A daughter gives the gift of a lifetime

african kings

As Christmas approaches, one mother has already received the gift of a lifetime — a few months early.

Kristi Nelson was sitting in the airport when her phone rang and she got the news: she was a match for her mother, Helen Nelson, who was in need of a kidney.

“I called [my mom],” Kristi recalls. “And said hey… I’m compatible.”

Her mother was happy, but shocked. Kristi had kept the testing a secret.

“My dad wanted to [donate], but my dad is in his 70s,” Kristi says. “I was the only person in the family who was completely healthy.”

Helen’s kidneys had stopped working nearly two years prior. While she waited for a transplant, she spent a mandatory three days a week receiving dialysis, where a large machine filtered her blood for three hours at a time — doing the job her kidneys once did.

“It took so much time out of your life,” Helen recalls. “It was not an altogether bad thing, but it’s one of those things that if you didn’t have to do it in your life you don’t want to.”

“It makes you tired, weak and worn,” she adds.

Seeing her mom going through this process, Kristi knew she had to get tested.

“My heart just ached for her,” she said. “I didn’t want her to have to wait two or three years for a kidney donor.”

Twenty million Americans live with chronic kidney disease — 325,000 are on dialysis and 128,000 are living with a kidney transplant. One-third of those are African-American.

African-Americans also develop kidney disease an average ten years earlier than whites, and have the greatest need for kidney transplants. Some spend up to ten years waiting for either a living or recently deceased donor.

“We have the greatest need for these organs,” says Kristi. “And we’re the least likely to donate.”

Yet, like many others, Kristi had her own concerns.

“It was scary,” she recalls. “I had never had major illness or major surgery.”

She also worried what would happen if she developed a kidney problem herself and needed a transplant as a result.

“I talked to a lot of friends [who said], ‘Absolutely not. I would never do that. That’s so dangerous,’” Kristi says. “It was all of the negatives.”

As she looks at her mother and how it’s benefited her, Kristi knows it was worth it. But, she agrees that it’s not a decision for everyone.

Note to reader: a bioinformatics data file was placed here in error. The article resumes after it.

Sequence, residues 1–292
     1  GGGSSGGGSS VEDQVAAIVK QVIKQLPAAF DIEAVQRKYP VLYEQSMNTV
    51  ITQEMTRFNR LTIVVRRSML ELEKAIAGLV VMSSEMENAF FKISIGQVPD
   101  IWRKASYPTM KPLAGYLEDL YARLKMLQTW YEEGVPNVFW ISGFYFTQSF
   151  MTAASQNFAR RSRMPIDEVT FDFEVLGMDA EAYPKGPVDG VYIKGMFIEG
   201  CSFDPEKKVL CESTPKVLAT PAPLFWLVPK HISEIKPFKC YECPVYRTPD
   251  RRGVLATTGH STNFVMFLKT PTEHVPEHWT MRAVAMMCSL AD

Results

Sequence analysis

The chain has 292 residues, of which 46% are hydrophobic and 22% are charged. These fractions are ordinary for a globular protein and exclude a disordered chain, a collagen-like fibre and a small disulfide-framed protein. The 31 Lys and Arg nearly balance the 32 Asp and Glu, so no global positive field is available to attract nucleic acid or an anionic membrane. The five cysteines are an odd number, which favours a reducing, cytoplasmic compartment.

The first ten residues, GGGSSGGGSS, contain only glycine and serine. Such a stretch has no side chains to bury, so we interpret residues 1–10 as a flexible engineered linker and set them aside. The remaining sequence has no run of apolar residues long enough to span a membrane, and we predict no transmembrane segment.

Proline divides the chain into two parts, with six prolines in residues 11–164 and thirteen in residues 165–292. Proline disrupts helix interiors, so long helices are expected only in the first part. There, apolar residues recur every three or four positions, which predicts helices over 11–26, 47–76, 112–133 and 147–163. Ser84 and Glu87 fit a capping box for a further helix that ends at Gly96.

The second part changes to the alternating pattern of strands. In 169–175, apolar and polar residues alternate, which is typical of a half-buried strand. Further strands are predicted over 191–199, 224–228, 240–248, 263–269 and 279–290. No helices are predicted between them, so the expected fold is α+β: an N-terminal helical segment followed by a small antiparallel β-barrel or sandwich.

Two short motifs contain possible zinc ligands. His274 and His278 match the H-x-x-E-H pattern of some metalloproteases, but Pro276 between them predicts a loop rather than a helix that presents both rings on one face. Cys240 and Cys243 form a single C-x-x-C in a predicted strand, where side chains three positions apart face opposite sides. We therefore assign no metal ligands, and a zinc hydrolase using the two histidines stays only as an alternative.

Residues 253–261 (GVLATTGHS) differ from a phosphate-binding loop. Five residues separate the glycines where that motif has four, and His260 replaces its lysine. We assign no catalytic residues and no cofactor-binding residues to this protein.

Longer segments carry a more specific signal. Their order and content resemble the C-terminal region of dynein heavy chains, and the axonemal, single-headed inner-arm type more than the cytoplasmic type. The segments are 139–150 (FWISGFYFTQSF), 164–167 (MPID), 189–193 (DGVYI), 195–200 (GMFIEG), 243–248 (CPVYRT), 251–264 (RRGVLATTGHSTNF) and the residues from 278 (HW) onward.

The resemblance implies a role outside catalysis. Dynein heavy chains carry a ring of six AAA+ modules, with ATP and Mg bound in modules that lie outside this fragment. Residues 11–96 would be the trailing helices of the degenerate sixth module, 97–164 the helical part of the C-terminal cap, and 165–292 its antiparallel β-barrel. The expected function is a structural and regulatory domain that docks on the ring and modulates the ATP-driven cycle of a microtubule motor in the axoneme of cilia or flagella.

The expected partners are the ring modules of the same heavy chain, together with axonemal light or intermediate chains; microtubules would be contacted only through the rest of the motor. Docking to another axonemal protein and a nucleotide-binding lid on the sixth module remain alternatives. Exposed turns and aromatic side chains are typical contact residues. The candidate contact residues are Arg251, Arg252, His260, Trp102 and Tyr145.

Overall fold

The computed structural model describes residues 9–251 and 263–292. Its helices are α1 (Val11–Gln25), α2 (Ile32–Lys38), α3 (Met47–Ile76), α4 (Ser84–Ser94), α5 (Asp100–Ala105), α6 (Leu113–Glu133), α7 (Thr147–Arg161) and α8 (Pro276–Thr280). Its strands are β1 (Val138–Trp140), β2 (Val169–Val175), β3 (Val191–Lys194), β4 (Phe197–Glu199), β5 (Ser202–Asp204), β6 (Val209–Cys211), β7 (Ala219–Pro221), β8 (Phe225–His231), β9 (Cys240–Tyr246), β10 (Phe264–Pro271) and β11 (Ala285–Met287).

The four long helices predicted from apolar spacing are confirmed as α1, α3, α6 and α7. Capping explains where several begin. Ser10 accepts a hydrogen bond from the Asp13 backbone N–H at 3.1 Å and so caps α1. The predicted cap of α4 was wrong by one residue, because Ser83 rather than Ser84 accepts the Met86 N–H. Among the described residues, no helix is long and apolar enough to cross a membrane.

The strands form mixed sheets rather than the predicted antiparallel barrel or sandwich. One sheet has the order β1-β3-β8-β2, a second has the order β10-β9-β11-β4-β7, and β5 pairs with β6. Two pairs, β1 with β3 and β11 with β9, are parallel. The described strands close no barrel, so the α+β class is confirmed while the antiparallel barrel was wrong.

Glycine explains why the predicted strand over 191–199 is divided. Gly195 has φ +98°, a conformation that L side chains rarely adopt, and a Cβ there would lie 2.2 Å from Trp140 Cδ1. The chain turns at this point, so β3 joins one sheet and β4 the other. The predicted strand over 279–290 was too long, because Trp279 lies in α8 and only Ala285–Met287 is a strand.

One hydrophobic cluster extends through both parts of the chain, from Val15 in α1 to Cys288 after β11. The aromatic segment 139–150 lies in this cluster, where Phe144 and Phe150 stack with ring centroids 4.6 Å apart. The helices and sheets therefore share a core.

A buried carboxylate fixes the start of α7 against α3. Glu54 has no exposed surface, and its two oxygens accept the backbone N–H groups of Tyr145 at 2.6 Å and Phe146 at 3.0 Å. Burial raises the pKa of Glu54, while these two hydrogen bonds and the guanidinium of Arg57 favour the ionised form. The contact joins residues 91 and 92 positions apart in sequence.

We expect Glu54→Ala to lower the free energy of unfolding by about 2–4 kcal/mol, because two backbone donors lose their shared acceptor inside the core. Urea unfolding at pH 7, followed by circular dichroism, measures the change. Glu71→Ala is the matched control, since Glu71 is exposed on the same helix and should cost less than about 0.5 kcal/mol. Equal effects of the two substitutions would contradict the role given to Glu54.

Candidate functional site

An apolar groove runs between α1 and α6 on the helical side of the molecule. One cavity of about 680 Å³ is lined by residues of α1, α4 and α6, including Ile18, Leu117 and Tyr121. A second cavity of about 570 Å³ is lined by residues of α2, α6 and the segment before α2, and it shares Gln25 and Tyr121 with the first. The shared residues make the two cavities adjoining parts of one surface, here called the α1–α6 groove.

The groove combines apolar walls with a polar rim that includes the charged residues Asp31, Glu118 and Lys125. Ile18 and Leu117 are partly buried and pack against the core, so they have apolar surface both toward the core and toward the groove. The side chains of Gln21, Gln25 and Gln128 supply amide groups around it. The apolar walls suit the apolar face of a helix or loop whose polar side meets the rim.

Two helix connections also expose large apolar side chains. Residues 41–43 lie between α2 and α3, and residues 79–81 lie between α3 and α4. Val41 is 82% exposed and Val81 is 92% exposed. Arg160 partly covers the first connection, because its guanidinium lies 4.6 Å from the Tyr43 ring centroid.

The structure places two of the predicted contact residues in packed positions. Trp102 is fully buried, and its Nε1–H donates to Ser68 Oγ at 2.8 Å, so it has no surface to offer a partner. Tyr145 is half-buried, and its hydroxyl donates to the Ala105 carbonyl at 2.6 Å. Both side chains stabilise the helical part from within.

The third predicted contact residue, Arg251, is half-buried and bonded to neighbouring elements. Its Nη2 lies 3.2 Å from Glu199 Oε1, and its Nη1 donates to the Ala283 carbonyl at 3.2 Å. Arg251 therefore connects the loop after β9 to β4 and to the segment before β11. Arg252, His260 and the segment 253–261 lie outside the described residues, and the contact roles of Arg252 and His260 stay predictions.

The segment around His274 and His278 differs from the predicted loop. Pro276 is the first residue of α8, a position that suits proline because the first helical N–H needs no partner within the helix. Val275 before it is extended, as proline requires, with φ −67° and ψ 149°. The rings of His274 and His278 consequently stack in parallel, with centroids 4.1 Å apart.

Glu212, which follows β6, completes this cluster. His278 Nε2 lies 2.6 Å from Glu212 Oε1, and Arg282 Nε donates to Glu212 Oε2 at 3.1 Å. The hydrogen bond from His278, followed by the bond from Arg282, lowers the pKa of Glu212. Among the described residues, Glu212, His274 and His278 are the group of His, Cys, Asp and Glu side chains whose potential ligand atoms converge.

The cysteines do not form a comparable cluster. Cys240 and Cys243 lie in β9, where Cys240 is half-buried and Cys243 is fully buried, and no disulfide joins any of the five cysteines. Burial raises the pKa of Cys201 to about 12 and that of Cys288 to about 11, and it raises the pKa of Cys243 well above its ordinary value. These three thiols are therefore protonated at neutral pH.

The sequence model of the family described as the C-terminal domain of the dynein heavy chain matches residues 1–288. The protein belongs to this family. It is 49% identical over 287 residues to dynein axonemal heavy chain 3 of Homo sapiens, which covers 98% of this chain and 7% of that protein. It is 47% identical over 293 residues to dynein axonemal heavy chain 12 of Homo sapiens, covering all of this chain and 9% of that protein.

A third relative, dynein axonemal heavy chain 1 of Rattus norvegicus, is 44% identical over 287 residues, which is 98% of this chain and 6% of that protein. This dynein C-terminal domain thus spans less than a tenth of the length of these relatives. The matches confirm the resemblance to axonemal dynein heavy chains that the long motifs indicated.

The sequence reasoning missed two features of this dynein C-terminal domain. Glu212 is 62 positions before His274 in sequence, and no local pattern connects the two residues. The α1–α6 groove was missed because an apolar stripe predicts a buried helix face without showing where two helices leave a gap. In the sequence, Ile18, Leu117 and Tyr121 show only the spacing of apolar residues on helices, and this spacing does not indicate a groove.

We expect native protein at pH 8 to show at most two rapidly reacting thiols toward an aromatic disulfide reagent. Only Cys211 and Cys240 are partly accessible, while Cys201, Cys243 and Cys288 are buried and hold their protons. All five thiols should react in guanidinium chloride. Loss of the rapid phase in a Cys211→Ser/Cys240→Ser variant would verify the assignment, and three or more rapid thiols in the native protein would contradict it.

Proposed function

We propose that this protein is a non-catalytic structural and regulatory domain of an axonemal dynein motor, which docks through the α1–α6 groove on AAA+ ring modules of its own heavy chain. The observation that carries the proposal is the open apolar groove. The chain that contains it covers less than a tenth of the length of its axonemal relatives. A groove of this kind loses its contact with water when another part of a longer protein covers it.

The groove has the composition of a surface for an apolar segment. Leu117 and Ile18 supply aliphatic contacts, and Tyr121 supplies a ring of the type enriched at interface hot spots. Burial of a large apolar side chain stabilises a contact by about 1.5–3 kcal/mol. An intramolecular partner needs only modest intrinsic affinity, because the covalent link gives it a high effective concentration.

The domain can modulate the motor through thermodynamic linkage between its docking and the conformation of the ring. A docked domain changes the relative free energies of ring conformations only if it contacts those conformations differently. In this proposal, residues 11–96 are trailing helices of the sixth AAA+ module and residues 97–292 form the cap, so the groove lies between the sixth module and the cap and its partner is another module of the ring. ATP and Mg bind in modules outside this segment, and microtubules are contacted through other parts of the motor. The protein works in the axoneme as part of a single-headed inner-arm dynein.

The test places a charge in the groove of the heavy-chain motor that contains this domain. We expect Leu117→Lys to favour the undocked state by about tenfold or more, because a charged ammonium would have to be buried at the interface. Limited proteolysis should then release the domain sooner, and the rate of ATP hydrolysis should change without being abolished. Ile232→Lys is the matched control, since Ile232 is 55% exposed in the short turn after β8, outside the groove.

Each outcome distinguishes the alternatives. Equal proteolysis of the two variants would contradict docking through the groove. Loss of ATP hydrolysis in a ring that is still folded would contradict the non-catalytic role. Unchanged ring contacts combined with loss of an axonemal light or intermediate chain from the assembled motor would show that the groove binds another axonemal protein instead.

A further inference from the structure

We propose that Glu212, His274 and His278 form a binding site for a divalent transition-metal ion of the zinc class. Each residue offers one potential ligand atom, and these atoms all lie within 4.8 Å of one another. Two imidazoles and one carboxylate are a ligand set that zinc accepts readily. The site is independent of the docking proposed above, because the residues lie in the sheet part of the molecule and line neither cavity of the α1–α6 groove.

“I think in a lot of these stories, the outcome is all great and it’s wonderful that people want to put themselves on the line,” Kristi says. “But it’s okay to have concerns and doubts.”

Helen feels that having donors and recipients speak out more about the process of donation would take some of the fear out of it.

“It’s not as terrible as we think in our mind, and it’s okay to be able to give and donate an organ,” she says.

Diabetes is the number one cause of kidney disease, with high blood pressure at number two — both illnesses prevalent among African-Americans.

“More people are going to go on dialysis, and more and more people are going to need transplants,” says Kristi. ”[We want to] help them understand that connection.”Since the early stages of kidney disease have no symptoms, getting regular physicals are key.

HIV, drug abuse, and conditions such as lupus and focal segmental glomerulosclerosis also damage kidneys. FSGS was responsible for both basketball stars Alonzo Mourning and Sean Elliot developing kidney failure and requiring transplants.

Aside from the small pools of donors whose genetics match African-Americans on the transplant list, research also shows that kidneys from black donors do not last as long as those from non-black donors.

For now, the Nelsons continue to celebrate their happy ending just in time for the holidays.

Six weeks after the August surgery, Kristi was completely healed. She went back to work at four weeks.

Her mother, Helen, had a longer recovery, battling complications from the surgery. However, her kidney has worked since day one, and has never stopped functioning well. She has since celebrated her 70th birthday and is currently out of the hospital.

“You do have a little pain, and there are a few restrictions, like eating and taking medications at a certain time,” Helen explains about having a transplant. “But, those are not hard things.”

It is especially easier than having dialysis, she says.

“You don’t have the loss of control of your life [anymore]. You can travel. You can move around. You feel better.”

The mother-daughter duo now speaks out about their experiences, aiming to demystify the process and create awareness.

Meanwhile Helen, who is no longer tied to the dialysis chair three times a week, has goals.

“I plan to travel a little bit more… probably a cruise,” she says.